I can look at the wounds I have caused others, the conflict and pain which exist as humans attempt to live around each other, as the result of patterns of behavior I learned through creating defense mechanisms and protective measures. Even more, I can see often the patterns of brokenness, dysfunction, wounding, and survival which affected the humans who have wounded me, and can see their humanity. Forgiveness is a topic for another day, one which I have written about previously, so I won’t visit that for the sake of this topic. But when I am able to step back, walk through the slow and fast traumas I have experienced with the help of my therapist, based in the depth and protection of God’s mercy, I am able to recognize that none of us are created evil. No one is born with the hatred and anger and brokenness and trauma that are the drivers that give them the potential to hurt others.

We are each made in the image of God. We are created with His intent that we live for and be with Him in eternity. Sin entered the world and we are mortal. We live with the effects of a choice made by our ancestors in a garden thousands of years ago. We witness the temporariness and pain of a fallen world. We experience illness, injury, suffering, temptation, conflict, and vulnerability at the hands of others. Sometimes we experience it at our own hands.

The impoverished people of Southeast Michigan, the women and children in Nicaragua, the desperate Haitians, the mothers of children in hospitals here in the USA. The violent offender on trial for a crime completed in anger. The former friend we have chosen to stop communicating with. The toxic parent or sibling. Each one of these individuals was created for good and is loved by a compassionate God full of the same grace we beg for when we ask for His intervention.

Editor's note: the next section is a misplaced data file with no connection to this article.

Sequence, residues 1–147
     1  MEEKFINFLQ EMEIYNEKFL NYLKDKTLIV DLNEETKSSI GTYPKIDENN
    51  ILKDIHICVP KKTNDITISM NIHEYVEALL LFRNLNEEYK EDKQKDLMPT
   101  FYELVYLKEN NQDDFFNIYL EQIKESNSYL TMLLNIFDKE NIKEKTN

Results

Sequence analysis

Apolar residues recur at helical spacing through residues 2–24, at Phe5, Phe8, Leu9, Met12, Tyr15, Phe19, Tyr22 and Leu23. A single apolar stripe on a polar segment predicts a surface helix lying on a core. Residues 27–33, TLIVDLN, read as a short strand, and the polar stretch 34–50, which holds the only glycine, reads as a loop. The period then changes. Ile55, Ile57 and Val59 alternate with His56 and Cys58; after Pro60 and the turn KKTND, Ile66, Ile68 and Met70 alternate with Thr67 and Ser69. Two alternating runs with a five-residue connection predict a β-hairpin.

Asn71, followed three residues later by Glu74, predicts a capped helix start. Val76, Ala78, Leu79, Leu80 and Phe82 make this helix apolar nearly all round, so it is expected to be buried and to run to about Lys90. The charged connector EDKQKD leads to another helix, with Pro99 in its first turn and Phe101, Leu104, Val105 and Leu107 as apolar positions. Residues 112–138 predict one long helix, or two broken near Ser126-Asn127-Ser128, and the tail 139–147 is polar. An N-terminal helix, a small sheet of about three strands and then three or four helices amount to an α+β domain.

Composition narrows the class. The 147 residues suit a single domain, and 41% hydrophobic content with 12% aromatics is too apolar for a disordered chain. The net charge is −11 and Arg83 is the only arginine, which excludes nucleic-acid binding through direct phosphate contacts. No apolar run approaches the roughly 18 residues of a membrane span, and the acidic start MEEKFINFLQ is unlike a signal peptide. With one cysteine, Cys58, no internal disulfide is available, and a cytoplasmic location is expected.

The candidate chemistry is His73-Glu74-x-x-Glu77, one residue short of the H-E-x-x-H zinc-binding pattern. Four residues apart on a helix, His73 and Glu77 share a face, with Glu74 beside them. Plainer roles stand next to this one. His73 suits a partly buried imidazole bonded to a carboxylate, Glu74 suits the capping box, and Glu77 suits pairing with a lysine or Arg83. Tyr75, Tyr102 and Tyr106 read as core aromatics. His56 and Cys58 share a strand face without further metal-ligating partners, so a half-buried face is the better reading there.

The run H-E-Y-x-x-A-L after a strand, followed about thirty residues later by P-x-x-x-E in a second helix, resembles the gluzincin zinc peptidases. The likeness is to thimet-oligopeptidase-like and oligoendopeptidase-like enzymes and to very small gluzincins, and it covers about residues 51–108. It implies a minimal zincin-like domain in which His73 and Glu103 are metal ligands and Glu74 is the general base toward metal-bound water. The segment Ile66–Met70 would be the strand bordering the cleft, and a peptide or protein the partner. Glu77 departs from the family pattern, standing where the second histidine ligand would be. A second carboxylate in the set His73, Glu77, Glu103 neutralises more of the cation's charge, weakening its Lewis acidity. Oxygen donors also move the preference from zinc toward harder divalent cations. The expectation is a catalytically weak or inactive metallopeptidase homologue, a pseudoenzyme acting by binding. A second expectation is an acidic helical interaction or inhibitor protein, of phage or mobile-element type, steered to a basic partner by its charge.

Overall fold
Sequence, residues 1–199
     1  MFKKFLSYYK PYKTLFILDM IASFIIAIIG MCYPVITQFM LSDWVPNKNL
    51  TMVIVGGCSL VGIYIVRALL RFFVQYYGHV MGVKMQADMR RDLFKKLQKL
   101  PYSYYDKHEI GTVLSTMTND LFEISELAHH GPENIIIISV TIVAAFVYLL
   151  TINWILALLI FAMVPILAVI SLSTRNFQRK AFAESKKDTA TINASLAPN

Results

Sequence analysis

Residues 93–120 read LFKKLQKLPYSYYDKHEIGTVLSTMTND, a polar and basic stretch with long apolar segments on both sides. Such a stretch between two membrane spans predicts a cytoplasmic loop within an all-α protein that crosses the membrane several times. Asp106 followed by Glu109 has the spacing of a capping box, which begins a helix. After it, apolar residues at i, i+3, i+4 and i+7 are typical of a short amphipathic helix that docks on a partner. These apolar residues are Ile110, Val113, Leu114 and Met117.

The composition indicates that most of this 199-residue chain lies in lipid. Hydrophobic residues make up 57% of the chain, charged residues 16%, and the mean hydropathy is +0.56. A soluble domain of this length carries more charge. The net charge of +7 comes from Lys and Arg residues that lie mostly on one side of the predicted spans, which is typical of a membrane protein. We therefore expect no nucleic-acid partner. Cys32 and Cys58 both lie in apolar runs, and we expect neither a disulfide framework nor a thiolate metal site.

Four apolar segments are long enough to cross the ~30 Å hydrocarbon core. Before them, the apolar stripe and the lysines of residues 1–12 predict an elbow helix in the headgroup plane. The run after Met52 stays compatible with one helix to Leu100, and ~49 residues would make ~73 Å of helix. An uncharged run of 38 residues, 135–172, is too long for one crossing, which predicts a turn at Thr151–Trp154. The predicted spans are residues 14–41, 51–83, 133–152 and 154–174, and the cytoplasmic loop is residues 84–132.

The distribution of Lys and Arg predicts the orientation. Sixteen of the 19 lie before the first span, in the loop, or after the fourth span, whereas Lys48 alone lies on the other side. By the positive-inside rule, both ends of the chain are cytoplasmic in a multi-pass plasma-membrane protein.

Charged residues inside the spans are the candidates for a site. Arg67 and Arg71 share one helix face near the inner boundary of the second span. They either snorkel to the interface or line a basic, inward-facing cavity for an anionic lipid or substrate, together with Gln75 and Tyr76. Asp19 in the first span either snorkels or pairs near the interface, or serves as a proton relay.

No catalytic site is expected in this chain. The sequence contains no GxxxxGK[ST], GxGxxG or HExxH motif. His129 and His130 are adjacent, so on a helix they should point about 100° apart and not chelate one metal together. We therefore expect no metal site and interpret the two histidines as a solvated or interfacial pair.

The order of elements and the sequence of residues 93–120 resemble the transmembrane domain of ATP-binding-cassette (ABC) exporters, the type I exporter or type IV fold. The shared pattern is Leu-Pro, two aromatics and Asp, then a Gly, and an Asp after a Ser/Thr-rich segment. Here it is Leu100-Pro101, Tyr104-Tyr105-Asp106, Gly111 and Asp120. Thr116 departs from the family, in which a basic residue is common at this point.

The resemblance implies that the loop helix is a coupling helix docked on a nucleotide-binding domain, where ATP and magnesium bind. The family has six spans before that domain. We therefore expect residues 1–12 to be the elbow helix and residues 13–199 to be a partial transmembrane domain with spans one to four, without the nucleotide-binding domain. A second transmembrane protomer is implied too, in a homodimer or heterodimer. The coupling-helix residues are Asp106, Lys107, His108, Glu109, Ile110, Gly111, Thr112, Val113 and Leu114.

In recognizing the intent of our God when He created the world, and in the sacrifice He completed for our sake, perhaps we can each begin to see His image in the depths of the hearts which have caused pain to ours. Those hearts were broken by trauma or illness or circumstance, and those individuals could not visualize a healthy way out of their situations. We have suffered as a result. However, when we choose to look more deeply at their histories, the choices made around them and for them, and the God who always intends for the best possible outcome but leaves it up to us to choose, we can begin to recognize His presence.

About Author

Bridget is a deep-thinking compassionate caregiver with a love for color, culture, travel, kindness and the encouraging word. Called to seek out and serve the lost, vulnerable, broken and oppressed. A pediatric nurse, she has worked in numerous inpatient and outpatient settings, and with the underserved domestically and internationally. She carries a particular call to stand with the impoverished, whether they be affected materially, emotionally, physically or spiritually. She currently lives in Austin, TX with her dog Nigel.